RENEE MONTAGNE, HOST:
There is a longstanding debate over whether the federal government should pay to rebuild eroded beaches. Some think it's a waste of taxpayer money and others liken it to maintaining the country's infrastructure. In the playground for the rich and famous - the Hamptons - some wealthy homeowners have skipped the debate entirely. Charles Lane of member station WSHU reports that they're shelling out $25 million to fix the public beach in front of their private homes.
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CHARLES LANE, BYLINE: The chill winter wind has the Atlantic Ocean roiling. Angry shoulder high waves beat against this postcard shore, inching their way toward some of the priciest real estate in the country - multimillion dollar mansions protected by about 30 yards of sand. And then came Sandy.
GARY IRELAND: The tide came over the dune, and rushed under the house. And the beach is very narrow and we're really in emergency situations.
LANE: Gary Ireland lives in Manhattan and keeps a summer house in Southampton. He and others have tried for 20 years to get the Army Corps of Engineers to pump sand onto the beach to build it out and keep the sea at a safe distance. So far, the Army Corps has refused saying re-nourishing the beach is part of a much larger project that it hasn't yet had the time or the money to finish.
So Ireland and 200 other owners have given up, and instead, are doing it themselves.
IRELAND: If the alternative is to have our home wash into the ocean then, unfortunately, this is what we have to do.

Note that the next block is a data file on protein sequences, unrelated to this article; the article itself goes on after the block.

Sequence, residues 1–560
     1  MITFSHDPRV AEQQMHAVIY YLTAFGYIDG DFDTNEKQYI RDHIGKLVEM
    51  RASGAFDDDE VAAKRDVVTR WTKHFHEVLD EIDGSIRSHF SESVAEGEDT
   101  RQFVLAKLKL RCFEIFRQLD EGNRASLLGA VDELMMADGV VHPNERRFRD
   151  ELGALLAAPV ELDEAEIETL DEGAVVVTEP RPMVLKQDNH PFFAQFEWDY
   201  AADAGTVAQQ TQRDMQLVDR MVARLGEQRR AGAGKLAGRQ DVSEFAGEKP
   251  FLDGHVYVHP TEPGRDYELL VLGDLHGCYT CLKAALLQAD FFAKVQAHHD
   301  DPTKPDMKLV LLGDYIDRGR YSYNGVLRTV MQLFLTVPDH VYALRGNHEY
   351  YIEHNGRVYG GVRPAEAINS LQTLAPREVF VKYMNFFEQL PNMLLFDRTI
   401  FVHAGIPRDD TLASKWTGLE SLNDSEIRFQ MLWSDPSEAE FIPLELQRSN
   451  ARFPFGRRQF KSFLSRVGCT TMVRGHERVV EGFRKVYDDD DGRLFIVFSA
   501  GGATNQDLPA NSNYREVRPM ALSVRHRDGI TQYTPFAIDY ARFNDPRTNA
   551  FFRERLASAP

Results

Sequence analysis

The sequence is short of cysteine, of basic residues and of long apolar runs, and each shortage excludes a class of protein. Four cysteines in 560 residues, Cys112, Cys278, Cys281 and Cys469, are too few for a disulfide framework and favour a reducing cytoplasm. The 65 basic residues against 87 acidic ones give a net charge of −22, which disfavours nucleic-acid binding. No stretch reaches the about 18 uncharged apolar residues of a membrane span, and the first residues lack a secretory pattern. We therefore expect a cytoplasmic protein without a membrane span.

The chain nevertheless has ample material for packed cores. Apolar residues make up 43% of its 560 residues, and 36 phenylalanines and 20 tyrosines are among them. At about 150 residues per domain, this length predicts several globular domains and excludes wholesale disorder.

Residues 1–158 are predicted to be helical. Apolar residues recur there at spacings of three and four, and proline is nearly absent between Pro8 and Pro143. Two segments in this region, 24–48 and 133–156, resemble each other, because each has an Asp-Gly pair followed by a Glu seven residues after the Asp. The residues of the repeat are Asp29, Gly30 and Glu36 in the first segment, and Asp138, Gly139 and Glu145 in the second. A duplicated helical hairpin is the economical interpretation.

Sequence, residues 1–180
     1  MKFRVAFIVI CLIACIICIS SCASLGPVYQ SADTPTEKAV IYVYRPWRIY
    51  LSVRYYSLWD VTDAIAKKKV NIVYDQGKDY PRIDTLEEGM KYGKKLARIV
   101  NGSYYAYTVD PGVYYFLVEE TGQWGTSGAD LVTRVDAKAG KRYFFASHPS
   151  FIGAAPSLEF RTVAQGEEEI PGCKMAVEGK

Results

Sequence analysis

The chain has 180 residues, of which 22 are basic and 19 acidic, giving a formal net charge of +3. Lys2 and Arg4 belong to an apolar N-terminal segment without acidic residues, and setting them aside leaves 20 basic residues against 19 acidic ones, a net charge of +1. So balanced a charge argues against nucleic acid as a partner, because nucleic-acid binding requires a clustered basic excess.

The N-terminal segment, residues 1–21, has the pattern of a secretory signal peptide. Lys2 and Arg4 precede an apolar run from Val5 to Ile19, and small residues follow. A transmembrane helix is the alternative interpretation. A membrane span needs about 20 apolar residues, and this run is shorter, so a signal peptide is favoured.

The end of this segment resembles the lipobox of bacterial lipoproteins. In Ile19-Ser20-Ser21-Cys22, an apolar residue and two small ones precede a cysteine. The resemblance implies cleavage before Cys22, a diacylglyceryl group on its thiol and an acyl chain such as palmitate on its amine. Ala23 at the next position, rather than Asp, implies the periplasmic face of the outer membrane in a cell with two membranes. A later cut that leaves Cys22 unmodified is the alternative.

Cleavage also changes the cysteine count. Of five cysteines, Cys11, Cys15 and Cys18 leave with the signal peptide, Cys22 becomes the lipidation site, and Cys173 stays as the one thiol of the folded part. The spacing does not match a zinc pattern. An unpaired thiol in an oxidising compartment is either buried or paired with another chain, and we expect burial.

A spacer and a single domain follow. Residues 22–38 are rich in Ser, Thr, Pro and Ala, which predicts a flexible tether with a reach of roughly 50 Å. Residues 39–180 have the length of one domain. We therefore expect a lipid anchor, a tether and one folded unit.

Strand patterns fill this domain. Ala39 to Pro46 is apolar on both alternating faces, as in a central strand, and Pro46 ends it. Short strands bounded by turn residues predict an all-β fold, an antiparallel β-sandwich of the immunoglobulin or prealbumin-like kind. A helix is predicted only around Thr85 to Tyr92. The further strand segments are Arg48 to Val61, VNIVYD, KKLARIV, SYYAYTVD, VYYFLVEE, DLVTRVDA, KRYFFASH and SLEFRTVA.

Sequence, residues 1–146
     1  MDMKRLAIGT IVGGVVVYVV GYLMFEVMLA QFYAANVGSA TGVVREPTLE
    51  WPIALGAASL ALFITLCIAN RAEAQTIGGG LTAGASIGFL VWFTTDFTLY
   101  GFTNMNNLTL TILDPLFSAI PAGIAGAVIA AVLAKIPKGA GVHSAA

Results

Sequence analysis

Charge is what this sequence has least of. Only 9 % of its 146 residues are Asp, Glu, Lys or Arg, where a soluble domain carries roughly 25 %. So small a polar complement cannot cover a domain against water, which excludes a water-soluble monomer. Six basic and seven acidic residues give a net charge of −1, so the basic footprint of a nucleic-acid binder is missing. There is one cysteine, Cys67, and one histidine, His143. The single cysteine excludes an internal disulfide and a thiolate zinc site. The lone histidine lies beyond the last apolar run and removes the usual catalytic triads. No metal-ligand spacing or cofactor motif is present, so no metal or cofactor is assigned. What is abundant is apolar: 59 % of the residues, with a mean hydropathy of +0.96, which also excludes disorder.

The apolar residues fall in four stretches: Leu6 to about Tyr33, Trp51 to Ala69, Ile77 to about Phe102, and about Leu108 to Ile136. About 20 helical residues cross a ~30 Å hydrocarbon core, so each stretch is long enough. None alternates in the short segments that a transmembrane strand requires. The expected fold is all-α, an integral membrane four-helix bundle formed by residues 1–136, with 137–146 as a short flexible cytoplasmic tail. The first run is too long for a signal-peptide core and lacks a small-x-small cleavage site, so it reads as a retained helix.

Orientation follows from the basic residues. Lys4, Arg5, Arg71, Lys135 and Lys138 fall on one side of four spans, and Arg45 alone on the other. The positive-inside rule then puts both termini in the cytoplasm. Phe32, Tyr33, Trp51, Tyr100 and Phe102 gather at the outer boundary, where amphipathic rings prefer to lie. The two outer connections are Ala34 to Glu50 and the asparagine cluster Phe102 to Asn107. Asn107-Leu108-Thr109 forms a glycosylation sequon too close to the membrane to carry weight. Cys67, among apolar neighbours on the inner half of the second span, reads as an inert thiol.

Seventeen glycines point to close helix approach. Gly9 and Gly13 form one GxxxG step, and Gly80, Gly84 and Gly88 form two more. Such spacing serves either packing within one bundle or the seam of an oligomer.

LANE: The way they're financing the project is unheard of and what proponents call a model for quasi-public works projects in the future. The owners voted to create a special taxing district made up of just the 200 homes on the beach. The town of Southampton agreed to float a bond that the owners will pay back through the special tax.
The price isn't cheap, about $13,000 per household per year. But it will boost property values because the summer homes will be protected. So will the local tourist economy. But Ireland takes it a step further.
IRELAND: There's a public benefit because you've got a public beach being created, widened, and strengthened.
LANE: It's this public benefit private cost that caused the most consternation for people with homes in the new taxing district. Forty percent of those who voted opposed the new tax. People like Ken and Dorothy Finger. Nonetheless, they have to pay.
DOROTHY FINGER: So if everybody in the town benefits, everyone in the town should pay some portion.
KEN FINGER: But to my neighbor across the street who has a right of way through my property, and uses the ocean, and doesn't have to pay a penny. Or to, as Dorothy says, the business owners in the town or the tourists.
LANE: Some outside the new taxing district in Southampton went so far as to call the deal a bailout for the rich who, they say, are taking advantage cheap public debt that could put the town's credit rating at risk. Mathew Habbermen questions why the town is involved at all, with houses, he thinks, are too close to the water.
MATHEW HABBERMEN: Because if a house goes in, then they say the town has to do something about it. It's not the town's problem; it theirs.
LANE: Though, as a frequent beachgoer, Habbermen says he's glad Long Island's wealthy summer residents are taking charge and restoring the Southampton beach themselves when public resources are so thin. For NPR News, I'm Charles Lane.
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